Book Reviews

Book Review: Wolf’s Trap by W. D. Gagliani

Book Review: Wolf's Trap by W. D. GaglianiWolf’s Trap is the story of Nick Lupo. He’s a good cop with an unusual secret. Nick is a werewolf and even after many years, he is still trying to come to terms with that fact and learn how to control the animal within him. Nick may be a werewolf, but he’s in control of the situation and isn’t a danger to anybody. Most of the blood spilling in Wolf’s Trap  is done by a serial killer. Nick doesn’t know it, but the killer he is hunting is also hunting him. What Nick does quickly come to realize is the killer might be the one person in the world who knows his secret; so Nick needs to figure out the killer’s identity, and also how the killer knows so much about him.

As far as serial killers go the one in this book is a little different. He has unusual tastes and an unhealthy obsession with lipstick. He’s a strange guy, he’s a dangerous guy, and he is working to a plan.

When Nick and his partner, Ben, are brought in to investigate the death of a young prostitute found mutilated in a public toilet, Nick discovers the victim was his friend and neighbour, Corinne Devereaux. This is a terrible shock for the young detective because although he and Corinne were just good friends he cared about her deeply, perhaps more than he ever realized. It’s too late now. The killer’s knife has closed that particular avenue of thought forever.

On a whim, Nick opens what he thinks may be the door to a Janitor’s storage closet, and finds himself in a mall service tunnel, where he finds a message, written on the wall, in his friend’s blood:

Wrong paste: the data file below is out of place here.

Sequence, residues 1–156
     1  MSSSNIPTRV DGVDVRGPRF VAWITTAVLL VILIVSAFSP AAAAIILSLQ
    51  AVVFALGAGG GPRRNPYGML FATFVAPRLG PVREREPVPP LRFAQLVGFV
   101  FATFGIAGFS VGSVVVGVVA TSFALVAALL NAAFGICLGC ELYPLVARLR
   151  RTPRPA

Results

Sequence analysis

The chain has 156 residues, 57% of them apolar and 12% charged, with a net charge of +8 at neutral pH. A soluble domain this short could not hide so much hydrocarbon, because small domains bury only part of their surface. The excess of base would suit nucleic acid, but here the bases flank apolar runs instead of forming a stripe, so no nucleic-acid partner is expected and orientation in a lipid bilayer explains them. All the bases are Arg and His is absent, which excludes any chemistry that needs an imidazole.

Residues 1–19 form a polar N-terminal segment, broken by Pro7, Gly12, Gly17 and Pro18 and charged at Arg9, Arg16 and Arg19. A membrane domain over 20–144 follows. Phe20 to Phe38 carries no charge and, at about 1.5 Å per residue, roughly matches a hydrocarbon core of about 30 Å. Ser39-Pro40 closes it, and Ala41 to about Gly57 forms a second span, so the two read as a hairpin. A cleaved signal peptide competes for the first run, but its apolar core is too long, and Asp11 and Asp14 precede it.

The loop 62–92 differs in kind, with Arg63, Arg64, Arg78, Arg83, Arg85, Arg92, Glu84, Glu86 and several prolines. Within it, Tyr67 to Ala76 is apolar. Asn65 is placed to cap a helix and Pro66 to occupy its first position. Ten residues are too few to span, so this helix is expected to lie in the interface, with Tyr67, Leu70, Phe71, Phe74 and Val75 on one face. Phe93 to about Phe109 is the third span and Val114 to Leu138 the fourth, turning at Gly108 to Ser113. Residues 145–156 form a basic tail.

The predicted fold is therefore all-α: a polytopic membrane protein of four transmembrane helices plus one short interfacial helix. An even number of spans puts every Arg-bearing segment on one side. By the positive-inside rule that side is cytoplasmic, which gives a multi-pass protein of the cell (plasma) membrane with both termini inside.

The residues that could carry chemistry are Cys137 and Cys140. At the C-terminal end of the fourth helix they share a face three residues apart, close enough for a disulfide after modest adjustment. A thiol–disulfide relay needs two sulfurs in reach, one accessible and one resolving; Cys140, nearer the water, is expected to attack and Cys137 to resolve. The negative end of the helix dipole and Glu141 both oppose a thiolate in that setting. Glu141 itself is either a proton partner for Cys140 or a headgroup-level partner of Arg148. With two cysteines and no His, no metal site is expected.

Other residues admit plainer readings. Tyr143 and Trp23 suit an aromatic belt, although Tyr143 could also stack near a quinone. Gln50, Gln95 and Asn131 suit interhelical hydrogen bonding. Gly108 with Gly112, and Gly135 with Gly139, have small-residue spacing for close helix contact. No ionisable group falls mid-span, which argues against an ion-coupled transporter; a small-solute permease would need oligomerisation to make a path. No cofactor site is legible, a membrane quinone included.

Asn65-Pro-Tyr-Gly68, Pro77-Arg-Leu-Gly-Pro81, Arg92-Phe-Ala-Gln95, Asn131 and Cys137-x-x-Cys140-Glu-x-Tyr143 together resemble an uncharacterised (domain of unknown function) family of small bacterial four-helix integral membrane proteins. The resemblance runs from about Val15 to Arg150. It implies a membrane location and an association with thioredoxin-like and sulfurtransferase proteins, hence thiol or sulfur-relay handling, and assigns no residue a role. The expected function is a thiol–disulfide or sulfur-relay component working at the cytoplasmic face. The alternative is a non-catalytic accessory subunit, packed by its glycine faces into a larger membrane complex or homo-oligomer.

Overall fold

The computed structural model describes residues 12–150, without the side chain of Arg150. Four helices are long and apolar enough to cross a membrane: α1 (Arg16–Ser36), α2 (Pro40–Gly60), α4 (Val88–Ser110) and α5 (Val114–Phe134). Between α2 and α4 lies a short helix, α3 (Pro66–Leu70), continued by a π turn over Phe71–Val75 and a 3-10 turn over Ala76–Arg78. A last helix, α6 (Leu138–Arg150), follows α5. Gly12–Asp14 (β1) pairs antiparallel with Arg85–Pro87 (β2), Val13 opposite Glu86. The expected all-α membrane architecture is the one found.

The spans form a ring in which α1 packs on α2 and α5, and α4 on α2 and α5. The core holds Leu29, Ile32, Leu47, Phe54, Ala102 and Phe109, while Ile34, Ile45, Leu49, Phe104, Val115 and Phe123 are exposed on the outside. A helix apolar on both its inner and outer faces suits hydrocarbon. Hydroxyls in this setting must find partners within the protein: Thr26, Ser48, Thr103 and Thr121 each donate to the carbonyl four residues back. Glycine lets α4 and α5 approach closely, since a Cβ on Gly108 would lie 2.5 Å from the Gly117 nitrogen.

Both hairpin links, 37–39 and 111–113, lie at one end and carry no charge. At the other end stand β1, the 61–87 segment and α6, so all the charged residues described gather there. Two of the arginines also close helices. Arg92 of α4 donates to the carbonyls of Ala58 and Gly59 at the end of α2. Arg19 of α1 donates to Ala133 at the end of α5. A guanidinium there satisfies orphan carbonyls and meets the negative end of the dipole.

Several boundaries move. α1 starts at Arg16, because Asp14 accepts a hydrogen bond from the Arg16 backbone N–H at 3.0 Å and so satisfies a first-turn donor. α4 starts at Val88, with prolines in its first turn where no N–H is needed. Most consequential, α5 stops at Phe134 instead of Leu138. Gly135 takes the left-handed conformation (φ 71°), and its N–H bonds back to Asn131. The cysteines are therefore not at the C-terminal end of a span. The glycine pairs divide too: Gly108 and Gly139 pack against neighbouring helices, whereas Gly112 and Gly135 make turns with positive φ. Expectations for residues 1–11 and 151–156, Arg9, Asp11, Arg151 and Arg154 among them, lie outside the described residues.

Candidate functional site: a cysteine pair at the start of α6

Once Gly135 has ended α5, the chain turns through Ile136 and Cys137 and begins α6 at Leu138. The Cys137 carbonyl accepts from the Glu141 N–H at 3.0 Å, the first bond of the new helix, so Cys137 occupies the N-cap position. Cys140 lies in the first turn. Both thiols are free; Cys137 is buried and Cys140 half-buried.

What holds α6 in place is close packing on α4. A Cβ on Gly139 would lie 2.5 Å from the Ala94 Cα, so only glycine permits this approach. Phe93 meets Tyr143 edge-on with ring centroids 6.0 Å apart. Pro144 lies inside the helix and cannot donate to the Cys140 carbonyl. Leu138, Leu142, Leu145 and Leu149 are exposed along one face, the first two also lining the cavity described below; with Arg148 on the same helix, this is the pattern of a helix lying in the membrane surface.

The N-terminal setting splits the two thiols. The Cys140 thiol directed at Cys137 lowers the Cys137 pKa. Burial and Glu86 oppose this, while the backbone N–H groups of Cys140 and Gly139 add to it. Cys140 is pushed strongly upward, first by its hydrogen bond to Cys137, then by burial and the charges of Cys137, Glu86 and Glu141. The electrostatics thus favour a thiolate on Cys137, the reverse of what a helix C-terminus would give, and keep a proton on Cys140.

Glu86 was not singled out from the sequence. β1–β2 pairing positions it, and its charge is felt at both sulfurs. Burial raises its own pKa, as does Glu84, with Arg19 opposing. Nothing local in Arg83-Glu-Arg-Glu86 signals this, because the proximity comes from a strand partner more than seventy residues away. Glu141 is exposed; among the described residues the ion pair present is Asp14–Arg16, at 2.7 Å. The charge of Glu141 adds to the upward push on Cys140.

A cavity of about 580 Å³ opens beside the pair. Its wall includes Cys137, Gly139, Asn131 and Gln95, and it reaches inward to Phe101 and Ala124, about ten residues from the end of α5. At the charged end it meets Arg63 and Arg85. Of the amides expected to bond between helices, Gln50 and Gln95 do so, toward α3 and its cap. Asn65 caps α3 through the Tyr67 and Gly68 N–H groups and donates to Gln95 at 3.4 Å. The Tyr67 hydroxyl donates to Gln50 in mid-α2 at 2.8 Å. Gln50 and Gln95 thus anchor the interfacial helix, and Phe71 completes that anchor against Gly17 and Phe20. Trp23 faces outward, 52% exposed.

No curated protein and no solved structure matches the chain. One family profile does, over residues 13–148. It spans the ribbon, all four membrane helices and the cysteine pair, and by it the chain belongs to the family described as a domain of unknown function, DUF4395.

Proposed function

The other cops, with the possible exception of Ben, put this down to the work of Satanists. “Nick’s another name for Satan—you know, Nick Scratch,” a forensics tech tells him. “Yeah,” Nick says, but he knows better.

I have not read a lot of werewolf novels. In fact, I think that Wolf’s Trap is only the second one. Because of this, I cannot say how Wolf’s Trap does or does not compare to other similar works, but I can say that I enjoyed it. Wolf’s Trap is a well crafted and interesting story with a lot happening. The main story concerns Nick’s hunt for the killer. But there is also the back story of what happened to Nick to make him what he is, along with his ongoing work to exercise some kind of control over his change and over the beast within. The book also contains the killer’s story, and a little of what, perhaps, contributed to the way that he is. Then there is a touch of romance, because not all of Nick’s needs are animal. Like anyone else, he needs love, but with a killer on his tail (figuratively speaking) he might be a dangerous person to be around.

Wolf’s Trap is 373 pages long and I think that the best way for me to describe it would be to say that it is crime story where the main character just happens to be a wolf in cops clothing. It is a book that a lot of readers might enjoy, not just horror fans. If you are a horror fan, however, I should point out that book was a finalist for the 2003 Bram Stoker Award, which should, I think, say it all.